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Topi Tanskanen, Risto Näsänen, Teresa Montez, Juha Päällysaho, Riitta Hari; Effect of band-pass filtered noise on cortical face responses. Journal of Vision 2002;2(7):599. doi: https://doi.org/10.1167/2.7.599.
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© ARVO (1962-2015); The Authors (2016-present)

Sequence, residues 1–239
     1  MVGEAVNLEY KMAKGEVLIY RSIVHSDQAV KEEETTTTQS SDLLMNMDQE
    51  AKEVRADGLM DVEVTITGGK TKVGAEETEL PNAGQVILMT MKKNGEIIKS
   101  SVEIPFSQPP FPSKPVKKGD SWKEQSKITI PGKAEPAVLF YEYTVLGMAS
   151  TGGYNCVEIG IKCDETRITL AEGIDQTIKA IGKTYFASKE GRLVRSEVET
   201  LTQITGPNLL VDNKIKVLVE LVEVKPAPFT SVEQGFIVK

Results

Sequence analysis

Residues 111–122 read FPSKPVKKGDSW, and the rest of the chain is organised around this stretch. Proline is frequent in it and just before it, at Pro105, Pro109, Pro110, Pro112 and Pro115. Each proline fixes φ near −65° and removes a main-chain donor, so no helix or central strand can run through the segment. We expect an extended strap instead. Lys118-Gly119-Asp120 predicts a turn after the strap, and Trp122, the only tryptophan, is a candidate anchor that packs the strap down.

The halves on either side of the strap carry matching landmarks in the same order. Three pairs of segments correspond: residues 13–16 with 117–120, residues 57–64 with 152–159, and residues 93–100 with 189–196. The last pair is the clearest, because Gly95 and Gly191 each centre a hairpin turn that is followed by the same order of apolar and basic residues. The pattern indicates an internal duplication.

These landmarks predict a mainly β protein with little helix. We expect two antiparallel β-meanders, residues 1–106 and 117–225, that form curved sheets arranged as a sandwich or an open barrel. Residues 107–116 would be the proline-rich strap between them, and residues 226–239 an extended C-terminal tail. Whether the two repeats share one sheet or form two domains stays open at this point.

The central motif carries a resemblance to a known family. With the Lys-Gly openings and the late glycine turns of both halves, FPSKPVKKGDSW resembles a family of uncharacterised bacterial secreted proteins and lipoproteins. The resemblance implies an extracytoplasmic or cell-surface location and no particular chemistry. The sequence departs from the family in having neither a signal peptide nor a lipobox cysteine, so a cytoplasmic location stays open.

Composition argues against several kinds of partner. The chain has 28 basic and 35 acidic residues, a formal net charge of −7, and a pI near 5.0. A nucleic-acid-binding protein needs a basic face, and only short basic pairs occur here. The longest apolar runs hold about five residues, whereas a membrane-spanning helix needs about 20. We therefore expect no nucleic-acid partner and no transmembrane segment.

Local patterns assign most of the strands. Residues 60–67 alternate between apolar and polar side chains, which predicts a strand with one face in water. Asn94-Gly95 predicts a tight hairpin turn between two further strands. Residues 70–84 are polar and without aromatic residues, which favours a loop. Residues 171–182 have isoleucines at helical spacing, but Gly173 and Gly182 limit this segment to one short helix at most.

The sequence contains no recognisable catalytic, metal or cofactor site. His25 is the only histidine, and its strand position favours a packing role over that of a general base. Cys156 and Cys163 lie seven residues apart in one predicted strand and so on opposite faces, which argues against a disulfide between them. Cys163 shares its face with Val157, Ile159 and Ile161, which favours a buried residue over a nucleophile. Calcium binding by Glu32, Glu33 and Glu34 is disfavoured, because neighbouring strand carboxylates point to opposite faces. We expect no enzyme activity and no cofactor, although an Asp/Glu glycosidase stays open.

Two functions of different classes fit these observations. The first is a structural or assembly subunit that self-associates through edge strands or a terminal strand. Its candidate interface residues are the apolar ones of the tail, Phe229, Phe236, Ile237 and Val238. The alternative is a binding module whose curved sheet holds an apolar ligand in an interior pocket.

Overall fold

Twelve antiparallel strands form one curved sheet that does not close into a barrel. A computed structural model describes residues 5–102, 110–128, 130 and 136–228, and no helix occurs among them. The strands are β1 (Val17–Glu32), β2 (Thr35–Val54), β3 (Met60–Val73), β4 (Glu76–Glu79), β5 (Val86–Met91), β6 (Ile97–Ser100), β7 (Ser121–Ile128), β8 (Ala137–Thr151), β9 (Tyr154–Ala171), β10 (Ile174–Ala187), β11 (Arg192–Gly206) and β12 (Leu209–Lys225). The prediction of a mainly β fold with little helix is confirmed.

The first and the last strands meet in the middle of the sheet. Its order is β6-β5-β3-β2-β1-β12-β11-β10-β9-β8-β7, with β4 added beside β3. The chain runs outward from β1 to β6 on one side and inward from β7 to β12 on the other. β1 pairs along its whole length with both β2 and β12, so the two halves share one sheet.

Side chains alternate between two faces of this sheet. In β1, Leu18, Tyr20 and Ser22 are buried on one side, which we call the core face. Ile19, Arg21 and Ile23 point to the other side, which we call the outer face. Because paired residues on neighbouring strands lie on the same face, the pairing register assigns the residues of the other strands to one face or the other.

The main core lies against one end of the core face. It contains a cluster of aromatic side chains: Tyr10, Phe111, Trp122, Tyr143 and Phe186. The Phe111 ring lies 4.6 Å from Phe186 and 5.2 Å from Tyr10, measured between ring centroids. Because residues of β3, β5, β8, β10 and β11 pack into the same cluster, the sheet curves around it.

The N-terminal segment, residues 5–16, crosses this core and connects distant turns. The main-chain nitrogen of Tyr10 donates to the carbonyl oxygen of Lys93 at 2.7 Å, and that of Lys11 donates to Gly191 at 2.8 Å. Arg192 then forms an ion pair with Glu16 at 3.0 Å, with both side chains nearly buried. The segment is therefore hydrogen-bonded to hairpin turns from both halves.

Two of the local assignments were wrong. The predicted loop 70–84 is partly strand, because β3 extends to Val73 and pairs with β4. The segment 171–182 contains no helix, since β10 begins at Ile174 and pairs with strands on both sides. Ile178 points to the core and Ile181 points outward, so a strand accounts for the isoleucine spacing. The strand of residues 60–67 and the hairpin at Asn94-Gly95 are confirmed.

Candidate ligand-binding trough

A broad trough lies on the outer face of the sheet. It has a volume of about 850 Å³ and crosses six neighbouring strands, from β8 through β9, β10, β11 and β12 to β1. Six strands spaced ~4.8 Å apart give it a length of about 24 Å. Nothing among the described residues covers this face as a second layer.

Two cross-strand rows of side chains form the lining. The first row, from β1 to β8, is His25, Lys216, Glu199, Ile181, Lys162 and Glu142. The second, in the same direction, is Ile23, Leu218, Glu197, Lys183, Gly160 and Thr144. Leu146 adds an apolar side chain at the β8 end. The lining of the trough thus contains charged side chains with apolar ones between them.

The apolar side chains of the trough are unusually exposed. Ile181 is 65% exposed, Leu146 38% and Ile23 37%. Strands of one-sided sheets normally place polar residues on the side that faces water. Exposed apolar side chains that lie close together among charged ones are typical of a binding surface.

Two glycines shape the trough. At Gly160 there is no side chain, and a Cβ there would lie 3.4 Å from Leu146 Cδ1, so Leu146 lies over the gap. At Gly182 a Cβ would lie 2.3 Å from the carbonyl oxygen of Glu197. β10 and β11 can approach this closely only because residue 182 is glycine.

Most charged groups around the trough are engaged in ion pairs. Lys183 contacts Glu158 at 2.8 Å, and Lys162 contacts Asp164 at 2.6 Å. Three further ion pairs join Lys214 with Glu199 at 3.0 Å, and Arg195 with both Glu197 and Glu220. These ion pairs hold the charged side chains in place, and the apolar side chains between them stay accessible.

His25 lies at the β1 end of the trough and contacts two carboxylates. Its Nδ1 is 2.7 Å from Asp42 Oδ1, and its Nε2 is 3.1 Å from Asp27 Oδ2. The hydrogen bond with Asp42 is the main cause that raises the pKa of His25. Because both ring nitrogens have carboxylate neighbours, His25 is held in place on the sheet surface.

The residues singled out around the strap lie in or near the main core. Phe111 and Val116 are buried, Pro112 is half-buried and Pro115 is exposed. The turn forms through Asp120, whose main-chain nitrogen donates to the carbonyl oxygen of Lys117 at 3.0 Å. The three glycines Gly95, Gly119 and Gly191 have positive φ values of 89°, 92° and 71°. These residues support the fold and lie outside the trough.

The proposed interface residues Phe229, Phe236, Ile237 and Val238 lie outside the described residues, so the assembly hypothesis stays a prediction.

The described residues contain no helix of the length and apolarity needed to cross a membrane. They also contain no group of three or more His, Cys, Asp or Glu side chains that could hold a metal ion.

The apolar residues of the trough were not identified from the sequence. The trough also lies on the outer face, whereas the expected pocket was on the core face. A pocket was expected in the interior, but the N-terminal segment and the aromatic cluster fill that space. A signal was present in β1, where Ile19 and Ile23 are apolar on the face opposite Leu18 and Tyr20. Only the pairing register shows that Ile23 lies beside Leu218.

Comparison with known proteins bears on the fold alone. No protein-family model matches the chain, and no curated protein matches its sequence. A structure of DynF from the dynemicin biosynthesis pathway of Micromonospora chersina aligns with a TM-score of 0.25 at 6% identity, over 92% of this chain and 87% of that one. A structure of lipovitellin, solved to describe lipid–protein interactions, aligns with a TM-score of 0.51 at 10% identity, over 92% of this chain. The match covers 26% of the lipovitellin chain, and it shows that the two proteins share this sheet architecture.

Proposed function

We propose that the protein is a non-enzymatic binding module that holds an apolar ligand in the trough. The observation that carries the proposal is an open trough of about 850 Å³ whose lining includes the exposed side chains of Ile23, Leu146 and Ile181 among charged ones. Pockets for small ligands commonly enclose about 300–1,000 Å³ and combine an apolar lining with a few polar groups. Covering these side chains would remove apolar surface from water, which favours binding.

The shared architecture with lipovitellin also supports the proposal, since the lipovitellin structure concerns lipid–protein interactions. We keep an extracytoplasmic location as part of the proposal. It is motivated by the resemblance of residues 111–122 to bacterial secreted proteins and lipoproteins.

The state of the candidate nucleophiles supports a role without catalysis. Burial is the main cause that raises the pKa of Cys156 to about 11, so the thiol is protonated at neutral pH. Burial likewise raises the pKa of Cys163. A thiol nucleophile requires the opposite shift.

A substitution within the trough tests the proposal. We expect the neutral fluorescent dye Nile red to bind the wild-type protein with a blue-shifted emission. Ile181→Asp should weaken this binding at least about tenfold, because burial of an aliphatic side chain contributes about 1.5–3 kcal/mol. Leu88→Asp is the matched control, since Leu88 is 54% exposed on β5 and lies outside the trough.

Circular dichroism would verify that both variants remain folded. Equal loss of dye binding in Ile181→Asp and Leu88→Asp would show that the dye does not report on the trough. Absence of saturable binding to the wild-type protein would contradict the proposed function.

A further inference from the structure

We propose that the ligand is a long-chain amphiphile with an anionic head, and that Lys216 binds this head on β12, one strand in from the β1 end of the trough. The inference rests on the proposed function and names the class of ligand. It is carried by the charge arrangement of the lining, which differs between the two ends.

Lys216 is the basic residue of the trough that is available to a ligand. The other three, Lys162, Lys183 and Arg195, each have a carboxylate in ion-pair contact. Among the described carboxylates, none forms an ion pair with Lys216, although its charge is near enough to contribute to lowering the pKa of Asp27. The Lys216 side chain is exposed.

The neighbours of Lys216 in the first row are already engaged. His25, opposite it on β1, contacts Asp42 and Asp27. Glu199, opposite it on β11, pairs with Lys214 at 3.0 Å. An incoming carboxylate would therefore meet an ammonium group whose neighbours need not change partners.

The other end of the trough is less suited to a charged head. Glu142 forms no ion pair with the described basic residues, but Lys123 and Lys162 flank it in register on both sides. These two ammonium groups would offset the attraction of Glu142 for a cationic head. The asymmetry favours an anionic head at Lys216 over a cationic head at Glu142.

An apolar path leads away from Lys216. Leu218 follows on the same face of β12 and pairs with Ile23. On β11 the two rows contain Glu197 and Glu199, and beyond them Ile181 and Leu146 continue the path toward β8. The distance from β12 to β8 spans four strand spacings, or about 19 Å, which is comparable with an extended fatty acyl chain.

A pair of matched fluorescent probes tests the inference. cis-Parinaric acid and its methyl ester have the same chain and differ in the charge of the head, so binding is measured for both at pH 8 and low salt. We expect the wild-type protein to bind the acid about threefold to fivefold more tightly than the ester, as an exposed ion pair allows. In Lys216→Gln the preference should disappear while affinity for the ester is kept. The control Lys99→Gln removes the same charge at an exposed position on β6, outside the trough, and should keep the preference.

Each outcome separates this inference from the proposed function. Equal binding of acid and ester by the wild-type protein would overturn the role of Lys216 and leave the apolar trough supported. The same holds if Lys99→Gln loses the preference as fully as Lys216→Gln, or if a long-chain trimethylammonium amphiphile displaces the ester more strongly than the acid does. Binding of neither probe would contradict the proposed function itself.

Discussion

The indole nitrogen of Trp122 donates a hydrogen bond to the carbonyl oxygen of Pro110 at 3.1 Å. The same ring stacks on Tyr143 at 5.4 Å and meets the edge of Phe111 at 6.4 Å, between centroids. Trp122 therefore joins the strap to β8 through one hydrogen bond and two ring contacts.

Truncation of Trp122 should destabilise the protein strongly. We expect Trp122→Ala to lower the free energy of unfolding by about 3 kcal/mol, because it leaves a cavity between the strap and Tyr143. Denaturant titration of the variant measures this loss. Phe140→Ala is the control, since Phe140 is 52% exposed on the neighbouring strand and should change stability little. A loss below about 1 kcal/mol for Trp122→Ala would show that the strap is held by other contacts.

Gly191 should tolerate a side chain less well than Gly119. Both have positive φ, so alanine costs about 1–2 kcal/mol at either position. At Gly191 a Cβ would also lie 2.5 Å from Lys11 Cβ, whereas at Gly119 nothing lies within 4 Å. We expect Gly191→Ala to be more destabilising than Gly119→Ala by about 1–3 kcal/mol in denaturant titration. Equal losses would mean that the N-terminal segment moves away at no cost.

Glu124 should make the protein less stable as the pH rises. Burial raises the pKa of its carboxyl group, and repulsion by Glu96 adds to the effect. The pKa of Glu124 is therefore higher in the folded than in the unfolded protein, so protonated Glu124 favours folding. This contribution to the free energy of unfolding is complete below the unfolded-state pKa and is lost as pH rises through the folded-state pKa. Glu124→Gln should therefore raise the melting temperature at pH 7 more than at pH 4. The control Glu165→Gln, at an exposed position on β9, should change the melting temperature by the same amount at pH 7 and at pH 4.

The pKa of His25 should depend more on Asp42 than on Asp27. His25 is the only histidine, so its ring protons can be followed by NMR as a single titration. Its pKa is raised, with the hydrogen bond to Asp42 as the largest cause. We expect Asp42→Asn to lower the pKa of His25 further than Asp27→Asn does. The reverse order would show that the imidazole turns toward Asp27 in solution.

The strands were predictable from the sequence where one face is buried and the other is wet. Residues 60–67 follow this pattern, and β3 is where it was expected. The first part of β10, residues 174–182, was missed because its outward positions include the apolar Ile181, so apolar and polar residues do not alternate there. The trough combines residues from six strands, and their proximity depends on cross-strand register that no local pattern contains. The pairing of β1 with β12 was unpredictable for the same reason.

Psychophysical studies have shown that the human face recognition system utilizes only a limited band of the spatial frequencies (sfs) present in facial images. To find cortical responses that would show a similar tuning, we recorded whole-scalp neuromagnetic responses to facial images that contained narrow-band spatial noise (10 noise bands with central sfs from 2 to 45 c/image). The signal-to-noise ratio was 0.74 across all sfs and made recognition impossible around the 16 c/image condition, but easy in the low and high sf conditions. The stimuli (7×7 deg2, mean luminance 130 cd/m2, RMS contrast 0.174) appeared abruptly on an average gray background for 0.5 s once every 2.5 s, and stimuli with different noise sfs were presented in random order. The subject had to respond to an image of a target person. In the six subjects, the strongest modulation by noise sf occurred in the 150–200 ms temporo-occipital responses: The largest signals were elicited by the noiseless and lowest-sf noise stimuli. The signals decreased as a function of increasing noise sf until they disappeared at the medium sfs, and increased again at the highest frequencies. For different subjects, the U-shaped tuning curve had a minimum at 5.6–23 c/image, and a bandwidth of 2–3 octaves. The sustained 250–650 ms response in the same cortical area was modulated less. The 80–110 ms midoccipital responses showed a different pattern, being weak for the lowest noise sfs, then increasing as a function of sf, and attenuating at the highest noise sfs. In conclusion, these results show that the 150–200 ms temporo-occipital response resembles behavioral face recognition in its sensitivity to noise sf. Thus it could reflect processes that are critical for the recognition of faces.
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